Just because the weather is turning and the primary growing season is ending does not mean that you cannot enjoy fall vegetables. There is nothing more satisfying than picking your own vegetables from the garden and eating them. Furthermore, with a little forward-thinking, you may extend the growing season much further than you thought.
Gardening is a pastime that many of us have discovered during this strange year. With the terrible stress of lockdowns and a world in turmoil, gardening has helped many of us endure these weird times. Maybe you have discovered the joy of growing vegetables, and you would like to know what types of fall vegetables to grow in your late-season garden.
A variety of fantastic vegetables lay at your fingertips this fall, and you may continue growing veg well after the primary season is over. The fall offers shorter days, which also tend to be cooler. Therefore, you will find a whole host of possibilities for fall vegetables to grow.
As the hot, hazy days fade, tender tomatoes, leafy greens, root vegetables, and cabbages may thrive in fall conditions. Broccoli and kale may easily adorn your dinner plates, and even eggplants may gift you with their delicious purple offerings. Fall vegetables offer a comprehensive and tasty choice of harvests to prolong your gardening and eating pleasure.
RECOMMENDED READ: Guide to Root Cellar Storage
Start Planning Your Fall Vegetables
It is essential to consider that when the frosts hit, most of the tender plants, including vegetables, will die away in our gardens. Therefore, it remains vital to begin planning your crop of fall vegetables mid-way through the summer months. Remember that plants need to establish themselves and mature before they may yield their gifts.
Growing fall vegetables is really the act of extending your summer crops by something called succession planting.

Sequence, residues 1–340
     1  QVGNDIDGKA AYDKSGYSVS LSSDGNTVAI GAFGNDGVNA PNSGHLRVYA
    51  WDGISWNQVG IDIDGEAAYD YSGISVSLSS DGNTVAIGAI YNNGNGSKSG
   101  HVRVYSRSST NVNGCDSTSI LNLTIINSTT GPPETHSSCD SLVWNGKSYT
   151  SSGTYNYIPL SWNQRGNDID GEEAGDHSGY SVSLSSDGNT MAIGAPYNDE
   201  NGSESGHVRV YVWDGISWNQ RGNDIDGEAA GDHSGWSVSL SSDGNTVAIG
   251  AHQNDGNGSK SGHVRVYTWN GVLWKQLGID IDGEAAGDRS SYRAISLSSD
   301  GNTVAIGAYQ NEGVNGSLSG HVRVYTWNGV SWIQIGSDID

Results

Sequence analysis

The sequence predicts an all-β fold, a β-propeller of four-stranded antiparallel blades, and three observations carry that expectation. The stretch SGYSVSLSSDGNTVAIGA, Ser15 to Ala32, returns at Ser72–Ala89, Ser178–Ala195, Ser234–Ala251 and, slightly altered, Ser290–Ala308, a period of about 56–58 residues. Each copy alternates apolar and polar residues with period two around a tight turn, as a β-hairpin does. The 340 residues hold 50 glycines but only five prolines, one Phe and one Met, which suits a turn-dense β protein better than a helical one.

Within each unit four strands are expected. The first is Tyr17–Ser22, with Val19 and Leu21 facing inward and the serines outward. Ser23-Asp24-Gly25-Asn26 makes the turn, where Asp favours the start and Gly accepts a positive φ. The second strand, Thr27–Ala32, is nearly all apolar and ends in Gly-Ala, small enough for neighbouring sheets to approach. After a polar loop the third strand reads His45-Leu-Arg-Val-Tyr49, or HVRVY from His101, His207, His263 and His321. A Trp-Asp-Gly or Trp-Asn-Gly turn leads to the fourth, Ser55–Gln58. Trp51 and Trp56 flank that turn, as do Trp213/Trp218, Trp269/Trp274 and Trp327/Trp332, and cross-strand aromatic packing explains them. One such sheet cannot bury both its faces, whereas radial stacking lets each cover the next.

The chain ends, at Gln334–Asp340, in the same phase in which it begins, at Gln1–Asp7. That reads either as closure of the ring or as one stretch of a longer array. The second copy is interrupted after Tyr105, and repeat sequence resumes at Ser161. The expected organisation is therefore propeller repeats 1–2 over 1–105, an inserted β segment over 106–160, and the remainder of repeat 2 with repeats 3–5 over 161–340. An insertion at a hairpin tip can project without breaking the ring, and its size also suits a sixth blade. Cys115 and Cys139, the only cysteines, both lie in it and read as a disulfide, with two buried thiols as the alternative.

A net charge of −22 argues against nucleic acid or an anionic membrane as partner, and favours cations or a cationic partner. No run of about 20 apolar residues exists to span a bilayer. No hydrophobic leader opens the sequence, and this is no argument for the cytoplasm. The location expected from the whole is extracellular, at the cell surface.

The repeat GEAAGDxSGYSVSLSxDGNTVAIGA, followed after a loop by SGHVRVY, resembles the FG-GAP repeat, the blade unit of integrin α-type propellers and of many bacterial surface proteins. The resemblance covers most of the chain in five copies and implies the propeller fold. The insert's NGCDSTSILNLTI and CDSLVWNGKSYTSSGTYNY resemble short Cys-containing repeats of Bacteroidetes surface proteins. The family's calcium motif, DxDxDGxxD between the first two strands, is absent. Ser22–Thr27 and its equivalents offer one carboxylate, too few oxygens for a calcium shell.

Succession planting refers to the practice of sowing or planting one crop immediately after an earlier crop has finished. Succession planting allows for a continuous harvest, one after another.
Stagger those plants
Fall vegetables may form the same crops as you grew in the summer. Therefore you aim to replace the spent plants with new ones to prolong the growing season. Vegetable plants tend to lose their vitality after their initial, heavy crop. Therefore, have your plants at the ready to replace them after the first couple of harvests.
For instance, once you have planted your beans in the garden, grow a second batch in pots a couple of weeks later. This means that your new plants will be ready to plant into the vegetable plot once the original plants have passed their best.
To seed or not to seed
Some seeds thrive in the ground, especially in the colder weather, and make for the perfect fall vegetables. Alternatively, if in doubt, plant your seeds into trays and pots and bring them on before you plant them directly into the ground.
Starting seeds off in pots is a fantastic way to increase your yield. It allows the plants in the garden to fully mature and complete their cycle while you have a new batch at hand ready to go.
- Quantity 10 - Durable Plastic - NO Drain Holes